The laser beam that passes through the aperture 142 is directed to a beam splitter 144. The beam splitter 144 splits the laser beam causing a part of the laser beam to be transmitted as a monitor beam and the remaining part to be reflected as a main beam. The transmissivity of the beam splitter 144 (i.e., the amount of light transmitted as a monitor beam) is, for example, from 5 to 10 percent.

The monitor beam is directed into an automatic power control (APC) sensor system 150. The APC sensor system 150 includes a collective lens 151 for converging the monitor beam and an APC light receiving element 155.

The APC light receiving element 155 detects the light energy of the monitor beam and the output of the light receiving element 155 is used for feedback control of the output of the semiconductor lasers 101 through 108.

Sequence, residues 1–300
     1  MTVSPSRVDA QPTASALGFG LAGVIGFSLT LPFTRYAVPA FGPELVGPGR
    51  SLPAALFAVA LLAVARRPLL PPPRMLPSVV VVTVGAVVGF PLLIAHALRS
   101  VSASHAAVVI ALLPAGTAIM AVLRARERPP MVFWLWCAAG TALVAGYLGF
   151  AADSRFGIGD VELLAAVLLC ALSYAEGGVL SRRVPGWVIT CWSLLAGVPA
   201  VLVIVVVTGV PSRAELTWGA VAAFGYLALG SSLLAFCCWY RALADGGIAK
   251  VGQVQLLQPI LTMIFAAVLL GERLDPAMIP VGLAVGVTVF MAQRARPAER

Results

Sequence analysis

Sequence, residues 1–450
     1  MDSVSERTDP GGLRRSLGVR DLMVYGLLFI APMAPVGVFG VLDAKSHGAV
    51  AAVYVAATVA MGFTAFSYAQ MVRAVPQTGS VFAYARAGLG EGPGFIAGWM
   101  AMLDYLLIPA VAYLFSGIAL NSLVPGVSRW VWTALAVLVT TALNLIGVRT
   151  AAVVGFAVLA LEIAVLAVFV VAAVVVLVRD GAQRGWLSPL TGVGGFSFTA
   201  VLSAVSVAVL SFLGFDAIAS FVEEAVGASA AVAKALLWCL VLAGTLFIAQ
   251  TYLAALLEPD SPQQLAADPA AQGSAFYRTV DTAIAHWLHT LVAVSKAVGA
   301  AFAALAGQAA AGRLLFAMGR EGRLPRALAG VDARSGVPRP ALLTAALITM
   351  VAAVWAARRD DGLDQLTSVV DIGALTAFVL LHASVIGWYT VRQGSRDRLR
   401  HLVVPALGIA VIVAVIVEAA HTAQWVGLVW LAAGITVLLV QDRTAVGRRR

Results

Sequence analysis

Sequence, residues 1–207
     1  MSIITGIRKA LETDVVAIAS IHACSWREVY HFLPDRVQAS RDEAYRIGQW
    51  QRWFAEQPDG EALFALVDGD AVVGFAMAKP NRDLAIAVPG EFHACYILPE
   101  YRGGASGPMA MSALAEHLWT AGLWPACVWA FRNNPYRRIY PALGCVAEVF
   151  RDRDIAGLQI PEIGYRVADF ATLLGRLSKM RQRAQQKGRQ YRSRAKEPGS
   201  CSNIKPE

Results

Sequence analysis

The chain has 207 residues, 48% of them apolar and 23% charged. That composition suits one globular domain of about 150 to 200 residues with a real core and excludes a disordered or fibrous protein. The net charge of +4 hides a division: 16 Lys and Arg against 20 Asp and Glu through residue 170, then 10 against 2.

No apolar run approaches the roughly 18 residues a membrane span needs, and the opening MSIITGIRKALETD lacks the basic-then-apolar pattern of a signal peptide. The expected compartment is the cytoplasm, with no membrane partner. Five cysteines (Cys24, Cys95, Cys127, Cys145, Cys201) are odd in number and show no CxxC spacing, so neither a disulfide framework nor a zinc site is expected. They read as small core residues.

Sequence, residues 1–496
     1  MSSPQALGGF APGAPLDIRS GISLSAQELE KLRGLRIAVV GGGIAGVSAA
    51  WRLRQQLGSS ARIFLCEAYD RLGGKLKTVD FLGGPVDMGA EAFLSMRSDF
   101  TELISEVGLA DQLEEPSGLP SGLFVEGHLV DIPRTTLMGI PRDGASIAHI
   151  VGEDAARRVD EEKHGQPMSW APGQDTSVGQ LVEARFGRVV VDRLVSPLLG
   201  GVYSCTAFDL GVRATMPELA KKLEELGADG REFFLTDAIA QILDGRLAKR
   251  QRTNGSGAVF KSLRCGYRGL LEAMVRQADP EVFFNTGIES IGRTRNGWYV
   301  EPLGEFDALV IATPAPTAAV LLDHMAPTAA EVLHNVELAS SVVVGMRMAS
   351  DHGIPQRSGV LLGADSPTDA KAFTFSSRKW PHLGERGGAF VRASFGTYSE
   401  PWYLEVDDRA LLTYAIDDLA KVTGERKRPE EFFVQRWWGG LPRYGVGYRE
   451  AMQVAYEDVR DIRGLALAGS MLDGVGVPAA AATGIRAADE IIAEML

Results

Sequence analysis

The main beam reflected by the beam splitter 144 is transmitted through a dynamic prism 160. The dynamic prism 160 is rotatably disposed about an axis orthogonal to the optical axis to control the spot position in the auxiliary scanning direction on the image plane. That is, the dynamic prism 160 is preferably a wedge prism, supported to be rotatable about the main scanning direction in order to deviate the direction of the main beam in the auxiliary scanning direction. The dynamic prism 160 corrects changes in the position of image spots (in the auxiliary scanning direction) on the scanning plane resulting from either or both of tilting error of the reflecting surfaces of the polygon mirror 180 and unevenness of rotation of a photoconductive drum 210 (shown in FIG. 3, and described later).